Imperial Armour: XV9 Hazard Battlesuits

This week I’m going to continue with the updated T’au units from the latest Imperial Armour book.

And I want to begin with the Y’vahra. While I discussed both the Y’vahra and the R’varna in my article last week, there was one particular detail that I missed: the Y’vahra’s Movement characteristic has increased to 18″. It was 12″ previously — the same as the Riptide — meaning that the model scored a 50 percent upgrade on its Movement.

Discussing the Y’vahra last week, I concluded that T’au players, while understandably disappointed with the decrease in Damage on the flamer profile, should consider giving the Y’vahra a look in 9th edition. And the Movement increase only serves to highlight that point. I really think that the Y’vahra might have some play. The Y’vahra’s Phased Plasma-Flamer now has a threat range of 30″ — and that doesn’t include the bonus to Movement that we can get from the Nova Charge ability.

I’m certainly not saying that the Y’vahra is the panacea that the faction needs, but I would argue that, all things considered, the model has become more playable.

But let’s get onto a unit that I didn’t discuss in any detail last week: The XV9 Hazard Battlesuit.

While this won’t be an in-depth review of the model — I’ll wait until the new codex before I start writing those — I do want explore a couple of the key changes that GW has introduced for this unit.

So what has changed?

First things first, the XV9 is roughly 20 points cheaper. An XV9 armed with two Twin Hazard Burst Cannons now costs 65 points. If we add an Advanced Targeting System, we’re at 70 points. All things considered, this is just a little too expensive for my tastes. The same package at 60 points seems about right to me. However, we don’t yet know how the codex will affect these Forge World units. There’s a good chance that something in the codex will make these 70 points an absolute bargain. We simply don’t know. For now, it is what it is.

Or is it? The IA book implies that T’au players don’t actually need to pay for Support Systems on XV9 Hazard Battlesuits. I won’t go into it in detail here, but I think that this is simply poor writing from Games Workshop. Indeed, GW does have a particularly poor record when it comes to editorial quality, so I think that it would be sensible to presume that this is just another oversight. For the sake of this article, I’m going to presume that Hazards must pay for their Support Systems.

Let’s briefly take a look at the offensive output that T’au players get for their 70 points. Each Hazard Battlesuit is armed with two Twin Hazard Burst Cannons, for a total of 16 Strength 5, AP-1, Damage 1 shots; a single Twin Hazard Burst Cannon is an Assault 8 weapon with a Range of 18″.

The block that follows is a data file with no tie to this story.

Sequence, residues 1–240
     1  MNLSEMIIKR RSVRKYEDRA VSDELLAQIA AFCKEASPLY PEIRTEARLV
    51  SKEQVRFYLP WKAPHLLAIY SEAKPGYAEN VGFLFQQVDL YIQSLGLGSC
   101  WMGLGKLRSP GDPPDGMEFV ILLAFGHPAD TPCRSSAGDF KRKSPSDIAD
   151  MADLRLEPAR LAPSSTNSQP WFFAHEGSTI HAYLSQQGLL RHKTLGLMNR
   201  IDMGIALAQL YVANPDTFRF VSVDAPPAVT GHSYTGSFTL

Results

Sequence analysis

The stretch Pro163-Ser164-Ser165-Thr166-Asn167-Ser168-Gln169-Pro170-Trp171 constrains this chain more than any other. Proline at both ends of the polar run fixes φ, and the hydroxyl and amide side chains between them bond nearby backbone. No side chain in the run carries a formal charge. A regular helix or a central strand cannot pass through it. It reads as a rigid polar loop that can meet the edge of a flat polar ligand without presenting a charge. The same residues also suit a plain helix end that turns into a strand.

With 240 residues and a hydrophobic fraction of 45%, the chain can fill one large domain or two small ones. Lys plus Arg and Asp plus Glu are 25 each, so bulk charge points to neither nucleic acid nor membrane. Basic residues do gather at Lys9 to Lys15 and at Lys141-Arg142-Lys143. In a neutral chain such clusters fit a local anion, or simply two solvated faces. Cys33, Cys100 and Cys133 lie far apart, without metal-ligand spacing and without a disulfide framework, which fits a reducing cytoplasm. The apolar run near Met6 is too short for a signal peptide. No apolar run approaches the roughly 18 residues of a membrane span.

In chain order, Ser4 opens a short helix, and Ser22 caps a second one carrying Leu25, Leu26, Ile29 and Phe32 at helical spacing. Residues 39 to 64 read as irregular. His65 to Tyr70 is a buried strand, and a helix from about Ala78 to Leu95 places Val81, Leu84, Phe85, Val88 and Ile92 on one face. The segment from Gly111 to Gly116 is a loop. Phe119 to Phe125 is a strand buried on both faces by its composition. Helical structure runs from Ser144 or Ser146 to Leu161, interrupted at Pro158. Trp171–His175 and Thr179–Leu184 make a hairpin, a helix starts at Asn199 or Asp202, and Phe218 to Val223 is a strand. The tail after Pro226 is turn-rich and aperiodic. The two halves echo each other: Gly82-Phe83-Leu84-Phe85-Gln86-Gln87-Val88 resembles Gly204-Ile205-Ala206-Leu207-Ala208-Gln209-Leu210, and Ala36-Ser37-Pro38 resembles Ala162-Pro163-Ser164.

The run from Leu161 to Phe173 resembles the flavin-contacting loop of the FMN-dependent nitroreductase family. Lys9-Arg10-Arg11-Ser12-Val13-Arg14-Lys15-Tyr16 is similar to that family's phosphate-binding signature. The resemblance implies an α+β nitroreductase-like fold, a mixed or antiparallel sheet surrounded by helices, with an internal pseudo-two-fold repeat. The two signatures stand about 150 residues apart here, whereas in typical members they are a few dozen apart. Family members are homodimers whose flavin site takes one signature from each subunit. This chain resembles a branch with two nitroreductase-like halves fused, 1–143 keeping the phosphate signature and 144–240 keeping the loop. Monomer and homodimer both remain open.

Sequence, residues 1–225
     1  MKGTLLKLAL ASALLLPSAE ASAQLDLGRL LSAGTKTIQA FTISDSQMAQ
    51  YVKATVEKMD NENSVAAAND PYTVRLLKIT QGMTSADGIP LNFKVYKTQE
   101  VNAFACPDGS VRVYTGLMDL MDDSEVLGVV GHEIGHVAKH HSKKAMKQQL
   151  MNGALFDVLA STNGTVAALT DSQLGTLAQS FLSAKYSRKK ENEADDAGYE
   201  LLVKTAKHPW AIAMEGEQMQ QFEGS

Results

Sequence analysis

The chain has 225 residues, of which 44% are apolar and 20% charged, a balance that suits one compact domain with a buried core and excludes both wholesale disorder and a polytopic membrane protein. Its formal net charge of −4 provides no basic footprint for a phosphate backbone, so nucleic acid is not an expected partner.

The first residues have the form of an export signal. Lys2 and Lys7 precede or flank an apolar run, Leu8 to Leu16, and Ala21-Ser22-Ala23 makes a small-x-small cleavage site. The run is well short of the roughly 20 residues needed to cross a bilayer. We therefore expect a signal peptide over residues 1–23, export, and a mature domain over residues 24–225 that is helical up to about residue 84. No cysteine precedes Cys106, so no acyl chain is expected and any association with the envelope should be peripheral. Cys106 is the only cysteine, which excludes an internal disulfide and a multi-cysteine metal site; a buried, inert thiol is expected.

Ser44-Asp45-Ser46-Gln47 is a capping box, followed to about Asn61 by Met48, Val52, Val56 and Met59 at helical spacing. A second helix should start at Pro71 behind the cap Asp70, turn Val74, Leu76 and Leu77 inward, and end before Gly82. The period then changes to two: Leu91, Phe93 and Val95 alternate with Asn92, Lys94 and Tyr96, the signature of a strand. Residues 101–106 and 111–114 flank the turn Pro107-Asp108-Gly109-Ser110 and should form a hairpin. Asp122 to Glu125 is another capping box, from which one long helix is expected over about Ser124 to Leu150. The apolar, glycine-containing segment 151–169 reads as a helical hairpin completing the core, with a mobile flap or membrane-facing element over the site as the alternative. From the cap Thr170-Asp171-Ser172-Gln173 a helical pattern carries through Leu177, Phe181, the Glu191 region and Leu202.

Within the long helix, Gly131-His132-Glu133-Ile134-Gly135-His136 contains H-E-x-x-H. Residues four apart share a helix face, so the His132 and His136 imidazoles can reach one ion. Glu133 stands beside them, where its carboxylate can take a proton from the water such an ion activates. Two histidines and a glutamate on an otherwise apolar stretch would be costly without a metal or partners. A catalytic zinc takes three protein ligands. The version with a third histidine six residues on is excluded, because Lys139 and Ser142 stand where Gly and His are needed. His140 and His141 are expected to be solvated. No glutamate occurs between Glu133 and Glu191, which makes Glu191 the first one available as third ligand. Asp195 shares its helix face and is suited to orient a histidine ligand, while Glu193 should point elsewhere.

The output itself, then, hasn’t changed, but we get a bit more bang for our buck because the model itself is cheaper.

16 shots per Battlesuit is respectable. At the moment, weight of fire is a good strategy to employ with the T’au. Indeed, it’s a good strategy to employ with any faction in which most of the units have a Ballistic Skill of 4+.

We’re looking at an average of eight hits per model, then. We would be looking at a couple more if we had a Markerlight on the target, but let’s just take the pure stat-line as it is for the moment. This amount of output isn’t going to break the game. It’s not going to cause your friends to stop playing with you. But it’s decent. Against the right target, two or three XV9s will do some work.

But there’s more to go into here. I’m going to come to the weapon options in a moment, but first I want to talk about the defensive profile of the unit.

We’ve lost a Wound: an XV9 now has four Wounds instead of five. Of course, we would’ve preferred to keep those five Wounds, but this isn’t a particularly big problem. The Suit has come down in points, and for our trouble we lose a Wound. We’ll get over it.

The XV9 still has a Toughness of 5 and a 3+ Save. Against most small arms fire, then, the XV9 is reasonably resilient. Of course, concentrated firepower of almost any kind will destroy these Battlesuits, but that’s true of most of the Battlesuits in the codex. As defensive profiles go, the XV9 is reasonably tough.

However, the XV9 still has one more trick up its sleeve: each is armed with Photon Casters. Any time that an XV9 is declared the target of a charge, the opponent must subtract 2″ from the charge roll.

This is a great little ability. Anything to disincentivize charging units is a bonus for a T’au army. It works particularly well with the T’au Sept: Overwatch on 5s is already a strong ability, but now that the opponent must take Overwatch on 5s from the XV9s and all T’au units within 6″ as well as subtracting 2″ from his charge roll, there’s a good chance that he foregoes the charge move entirely.

Of course, good players will play the game in such a way to mitigate the effects of this ability, but it’s still a strong asset to have. Forcing your opponent to expend extra time and energy in his Charge phase can only be a good thing.

And what’s more, this ability used to subtract D3″ from a charge roll. Between a flat 2″ and D3″, I’ll take 2″ every time. We want to be able to rely on our defensive abilities, so removing the random element is a good thing in my book.

Now let’s get to those weapon options. Put simply, Phased Ion Guns are worth it and Fusion Cascades are not.

Let’s get the Fusion Cascades out of the way. First of all, taking two of these weapons on an XV9 increases its cost by 20 points. Each Fusion Cascade costs ten points, so we’re bringing the total cost up to 90 points. But we should be fair and remove the Advanced Targeting System, which would bring the total cost down to 85 points. For my money, this is still too expensive.

What do we get for our 80 points? A Fusion Cascade is a 12″, Assault D3 weapon with a Strength of 8, an AP of -4, and a Damage of D6. Furthermore, it takes the Blast keyword and deals D6 +2 Damage within half range.

There are two elements that I don’t like here. First, 12″ isn’t quite good enough. In order to take advantage of the increased Damage, we need to be within 6″. This is far too close for comfort.